Last month, we explained how C3 Energy, the well-connected Silicon Valley startup, wants to apply its big data aggregation and analytics software to the smart grid, along with a list of its first few utility industry-focused applications. We also covered how the startup, founded by software billionaire Tom Siebel and armed with more than $100 million in investment, faces a lot of competition in the still-nascent field, from grid giants like Siemens and General Electric to IT giants like IBM and Oracle.
This week, the Redwood City, Calif.-based startup announced the latest four smart grid analytics applications it’s built on top of its underlying data engine, already in use by a long list of corporate and institutional customers for enterprise energy and resource planning. C3 is already supporting revenue protection, customer energy data and utility efficiency programs for utility Pacific Gas & Electric via its big data engine, but these new apps stake out new ground, both in terms of broadening the scope of its analytics capabilities and delving down into a specific set of smart grid devices -- smart meters, or AMI systems -- for improvement.
The first two apps, C3 Asset and System Risk and C3 Grid Investment Planning, are tied together by their focus on grid assets, though at different time scales. According to Monday’s announcement, the Asset and System Risk application will "track and monitor asset health in real time" to lower operating costs, help prevent outages, and minimize unexpected capital investments. The term "real time" is important here, given that the startup is pledging to perform its massive data collection, integration, sharing and updating tasks in as close to real time as the supporting data allows.
C3's Grid Investment Planning platform, on the other hand, "ranks grid investment portfolio alternatives based on a cash flow analysis and impact to system and customer reliability, and helps build informed business cases for asset replacement," according to the announcement. That's a longer-view challenge, and one that brings financial variables to the forefront. We’ve been covering the host of similar asset management and analysis tools being deployed by the likes of ABB/Ventyx, Siemens, General Electric, Alstom and others.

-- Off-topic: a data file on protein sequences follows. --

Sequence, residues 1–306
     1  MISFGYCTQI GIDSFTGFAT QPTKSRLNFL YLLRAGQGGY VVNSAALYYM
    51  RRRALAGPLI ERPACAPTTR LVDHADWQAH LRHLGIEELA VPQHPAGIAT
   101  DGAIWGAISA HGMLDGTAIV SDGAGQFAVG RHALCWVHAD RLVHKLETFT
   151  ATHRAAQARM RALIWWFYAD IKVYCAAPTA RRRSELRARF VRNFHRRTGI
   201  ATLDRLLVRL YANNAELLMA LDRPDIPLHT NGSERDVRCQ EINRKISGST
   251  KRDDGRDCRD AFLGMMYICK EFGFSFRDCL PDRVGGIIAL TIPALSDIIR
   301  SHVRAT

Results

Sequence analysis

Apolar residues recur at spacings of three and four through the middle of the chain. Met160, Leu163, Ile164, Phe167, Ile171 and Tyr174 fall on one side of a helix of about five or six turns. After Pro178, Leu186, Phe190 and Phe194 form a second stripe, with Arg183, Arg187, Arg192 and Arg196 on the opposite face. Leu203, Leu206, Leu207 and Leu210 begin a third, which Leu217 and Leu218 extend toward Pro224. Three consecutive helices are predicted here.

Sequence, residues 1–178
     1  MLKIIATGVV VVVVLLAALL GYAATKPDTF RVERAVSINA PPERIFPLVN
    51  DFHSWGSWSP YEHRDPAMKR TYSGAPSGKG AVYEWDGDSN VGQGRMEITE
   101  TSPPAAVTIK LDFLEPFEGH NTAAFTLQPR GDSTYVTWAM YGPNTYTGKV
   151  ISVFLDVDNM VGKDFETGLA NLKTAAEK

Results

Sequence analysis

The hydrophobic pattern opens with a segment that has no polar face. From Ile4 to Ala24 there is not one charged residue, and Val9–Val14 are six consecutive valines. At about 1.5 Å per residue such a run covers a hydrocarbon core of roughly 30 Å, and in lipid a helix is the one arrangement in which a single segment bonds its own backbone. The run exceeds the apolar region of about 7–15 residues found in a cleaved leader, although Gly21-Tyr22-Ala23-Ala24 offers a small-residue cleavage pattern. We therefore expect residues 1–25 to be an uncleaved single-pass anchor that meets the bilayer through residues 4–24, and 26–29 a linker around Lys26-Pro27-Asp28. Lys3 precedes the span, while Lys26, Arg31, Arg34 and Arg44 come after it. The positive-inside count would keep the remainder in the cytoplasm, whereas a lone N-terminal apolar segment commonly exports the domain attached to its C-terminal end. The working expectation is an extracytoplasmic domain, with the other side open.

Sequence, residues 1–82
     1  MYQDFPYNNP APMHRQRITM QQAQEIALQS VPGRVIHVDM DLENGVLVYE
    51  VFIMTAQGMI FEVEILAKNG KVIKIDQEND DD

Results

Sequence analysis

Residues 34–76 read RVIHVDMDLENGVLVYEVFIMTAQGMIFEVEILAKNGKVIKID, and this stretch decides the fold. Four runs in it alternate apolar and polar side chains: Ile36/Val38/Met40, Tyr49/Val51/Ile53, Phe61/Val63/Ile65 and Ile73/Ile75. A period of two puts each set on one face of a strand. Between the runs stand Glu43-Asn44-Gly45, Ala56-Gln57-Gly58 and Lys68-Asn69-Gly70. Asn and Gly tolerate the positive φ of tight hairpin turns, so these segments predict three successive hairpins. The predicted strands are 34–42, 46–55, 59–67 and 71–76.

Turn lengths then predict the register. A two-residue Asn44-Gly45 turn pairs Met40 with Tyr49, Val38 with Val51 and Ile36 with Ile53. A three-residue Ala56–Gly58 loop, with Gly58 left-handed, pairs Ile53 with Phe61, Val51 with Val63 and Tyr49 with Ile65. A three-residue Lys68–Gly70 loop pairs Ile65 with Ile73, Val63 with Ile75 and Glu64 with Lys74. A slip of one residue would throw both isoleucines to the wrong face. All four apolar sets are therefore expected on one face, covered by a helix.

The third app, C3 Customer Reliability and Safety, is meant to "continuously identify grid assets at risk of failure and direct capital investments to the grid assets with the potential for the most significant customer safety and reliability impact.” Again, the word “continuously” implies a speed of data management that's not altogether common in the siloed departments that make up the utility enterprise. Linking utility call centers, outage management systems, utility field crew repair reports, and other such data could help harried operators answer customers’ questions about power outages far more accurately, for instance.
C3 Energy also announced its first grid device-specific applications, C3 AMI Operations, aimed at streamlining the workforce management process of installing, activating and maintaining smart meters or advanced metering infrastructure. The application "works with a utility's existing workforce management tools to both streamline the deployment and logistics of new AMI systems and improve the operational health of existing systems," according to the release.
In other words, it appears primarily to be a tool for improving the way utility workers handle the tasks of keeping an AMI network up and running, whether they’re field workers installing new gear, diagnosing physical breakdowns and issuing work orders, or the back-office workers trying to "light up" the network for the first time or figure out software and firmware upgrade problems. C3 Energy cites a benefit of "up to $50/meter per year in value to utility operators and their customers” from the system, though it doesn’t say just how that value is broken down between the planning, deployment, and ongoing maintenance and operations stages of the processes it promises to improve.
C3 Energy didn’t name any customers for its new applications, or say whether any of the platforms are now in use in pilot or broader scale at utilities. The startup does have a long list of utilities it’s working with on unspecified projects, either with partners like GE or on its own, including Constellation, DTE, Commonwealth Edison, Entergy, Northeast Utilities, Southern California Edison and Iberdrola.